c. let me guess, maybe because of both Moon’s and Earth’s gravity
d. Sorry, I don't know

What is the name of the book that holds the diagnosis criteria and overview of all documented psychological disorders?
a. APA Manual of Psychological Disorders
b. Overview and Criteria of Current Mental Disorders
c. No such book exists
d. Diagnostic and Statistical Manual of Mental Disorders

እነዚህንና ሌሎች የጠቅላላ እውቀት ጥያቄዎችን ከታች ያለውን ሊንክ በመጫን ይሞክሯቸው  

Medical equipment donation to Djibouti

Informed a week ago

Ethiopia has donated medical equipment to Djibouti to help the east African nation fight against COVID-19 pandemic. Ethiopia’s State Minister of Foreign Affairs, Ambassador Redwan Hussein, handed over the equipment to Djibouti’s Minister of Health in a ceremony held at Djibouti Ambouli International Airport. Ambassador Redwan said the donation shows that the two countries stand together not only in good times but also in cases where there is a disease outbreak like the coronavirus. Since the two countries share a common border, they should strengthen their solidarity in the fight against the pandemic and cement their bilateral cooperation in health and other sectors as well, he said. Last week, Ethiopia donated 15 tonnes of medical equipment worth half a million dollar to help Somalia fight against COVID-19 and other diseases.  

Ethiopia is conducting nationwide testing for antibodies

Informed a week ago

The Ethiopian Public Health Institute has announced the start of nationwide testing for antibodies to the coronavirus. According to a statement issued by the institute, the testing which aims to check infection rates and curb the spread of the virus, will last till July 14,2020. The testing will be carried out in all Ethiopia’s regional states as well as in the Addis Ababa and Dire Dawa city administrations, it added.  

Ethiopia’s letter addressed to UN Security Council regarding the Grand Ethiopian Renaissance Dam (GERD)

Informed a week ago

Ethiopia has restated its position on its Grand Renaissance Dam through a letter to the United Nations Security Council. The announcement came after Egypt called the UNSC for the second time to intervene in the trilateral negotiations on GERD. In its letter to the UNSC, Ethiopia reiterated that the Grand Rennaissance Dam is not a threat to peace and security. And, Ethiopia expressed concern over Egypt’s second request to the UNSC after breaking down the trilateral talks on the dam. The Foreign Minister Gedu Andargachew, thourgh his letter to the Security Council, reaffirmed that the Grand Ethiopian Renaissance Dam will not cause any harm to downstream countries and pose peace and security threats.  

How to keep your kids learning vocab this summer

Informed a week ago

Introducing Puku Summer Camp—8 themed weeks packed with vocabulary-learning opportunities for kids ages 8-12, from your friends at Merriam-Webster! Beat the summer slump and improve vocabulary with great book recommendations and other fun activities all summer long!  

Source:  Britannica

The World’s Most Powerful Passports

Informed a week ago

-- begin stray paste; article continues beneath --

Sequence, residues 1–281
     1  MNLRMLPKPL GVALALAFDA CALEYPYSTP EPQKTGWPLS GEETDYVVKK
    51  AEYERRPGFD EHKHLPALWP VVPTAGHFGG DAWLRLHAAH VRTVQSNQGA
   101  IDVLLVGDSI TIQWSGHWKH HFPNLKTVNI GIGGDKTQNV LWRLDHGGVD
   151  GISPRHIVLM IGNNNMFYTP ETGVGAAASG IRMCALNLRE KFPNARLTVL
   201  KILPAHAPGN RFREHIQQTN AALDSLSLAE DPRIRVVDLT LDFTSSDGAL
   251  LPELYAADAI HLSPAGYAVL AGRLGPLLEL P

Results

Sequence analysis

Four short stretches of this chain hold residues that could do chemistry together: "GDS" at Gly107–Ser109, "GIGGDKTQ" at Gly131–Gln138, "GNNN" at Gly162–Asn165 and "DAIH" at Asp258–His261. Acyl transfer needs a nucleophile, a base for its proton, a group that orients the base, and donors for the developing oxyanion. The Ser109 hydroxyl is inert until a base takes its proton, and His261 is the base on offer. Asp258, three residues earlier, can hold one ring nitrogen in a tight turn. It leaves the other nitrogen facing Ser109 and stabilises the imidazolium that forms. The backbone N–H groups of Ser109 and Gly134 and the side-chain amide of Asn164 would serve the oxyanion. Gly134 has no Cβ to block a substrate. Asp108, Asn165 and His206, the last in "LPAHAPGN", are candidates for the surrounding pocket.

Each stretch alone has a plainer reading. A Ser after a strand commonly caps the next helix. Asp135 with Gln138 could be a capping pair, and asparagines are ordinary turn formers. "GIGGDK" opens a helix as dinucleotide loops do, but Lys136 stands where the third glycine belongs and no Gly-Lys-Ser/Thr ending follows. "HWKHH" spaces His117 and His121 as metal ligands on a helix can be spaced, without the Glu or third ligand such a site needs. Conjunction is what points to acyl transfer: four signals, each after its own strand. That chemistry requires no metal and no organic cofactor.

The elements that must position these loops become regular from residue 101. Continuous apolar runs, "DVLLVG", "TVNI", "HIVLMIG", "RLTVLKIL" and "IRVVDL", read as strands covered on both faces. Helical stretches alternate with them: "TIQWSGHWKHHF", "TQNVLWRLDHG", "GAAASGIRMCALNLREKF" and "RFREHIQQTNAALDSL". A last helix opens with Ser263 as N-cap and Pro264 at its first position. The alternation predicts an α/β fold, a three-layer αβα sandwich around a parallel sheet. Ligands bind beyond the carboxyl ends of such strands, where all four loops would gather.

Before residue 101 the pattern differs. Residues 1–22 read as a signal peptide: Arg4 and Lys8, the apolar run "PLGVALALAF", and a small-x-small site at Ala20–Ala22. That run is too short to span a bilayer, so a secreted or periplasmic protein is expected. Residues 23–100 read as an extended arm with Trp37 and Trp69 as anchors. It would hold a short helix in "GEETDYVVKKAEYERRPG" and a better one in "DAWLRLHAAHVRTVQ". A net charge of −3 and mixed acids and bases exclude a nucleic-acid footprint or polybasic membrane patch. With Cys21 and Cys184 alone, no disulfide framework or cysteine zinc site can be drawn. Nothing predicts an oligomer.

Not all passports are created equal. A new study by Henley Passport Index ranked the world’s most powerful passports for 2020, based on where citizens can travel freely without a visa. Japan was No. 1 with access to 191 countries. Singapore was second, while South Korea and Germany tied for third. Ethiopia is 98th.


find more on the link below  

Source:  Forbes

Mystery about the cancer drug nelarabine solved after decades

Informed a week ago

Acute lymphoblastic leukaemia (ALL) is the most common kind of cancer in children. T-ALL, a subtype that resembles T-lymphocytes, can be treated successfully with the drug nelarabine. The drug has not been successful, however, with B-ALL, a subtype resembling B-lymphocytes. Since the 1980s, oncologists have been puzzled as to the cause of this difference. Now, an international research team headed by Goethe University and the University of Kent has discovered the reason: B-ALL cells contain the enzyme SAMHD1, which deactivates the drug.  

Source:  Goethe University Frankfurt

Genetic Malfunction of Brain Astrocytes Triggers Migraine

Informed a week ago

Neuroscientists of the University of Zurich shed a new light on the mechanisms responsible for familial migraine: They show that a genetic dysfunction in specific brain cells of the cingulate cortex area strongly influences head pain occurrence.

Migraine is one of the most disabling disorders, affecting one in seven people and causing a tremendous social and economic burden. Several findings suggest that migraine is a disease affecting a large part of the central nervous system and characterized by a global dysfunction in sensory information processing and integration, which also occurs between migraine episodes (interictal period). For example, patients with migraine exhibit increased cortical responses to sensory stimuli during the interictal period. At present, the cellular mechanisms responsible for these alterations are largely unknown.  

Source:  University of Zurich

Turning alcohol into key ingredients for new medicines

Informed a week ago

Chemists have found a way to turn alcohol into amino acids, crucial components of many medications.  

Source:  Ohio State University

A shorter IQ test for children with special needs

Informed a week ago

For decades, neuropsychologists have used the Wechsler Intelligence Scale for Children test as the gold-standard intelligence quotient (IQ) test to determine the intellectual abilities of children with special needs. However, this comprehensive test can take up to 2 hours to complete, and many children with special needs have a difficult time participating in such long tests.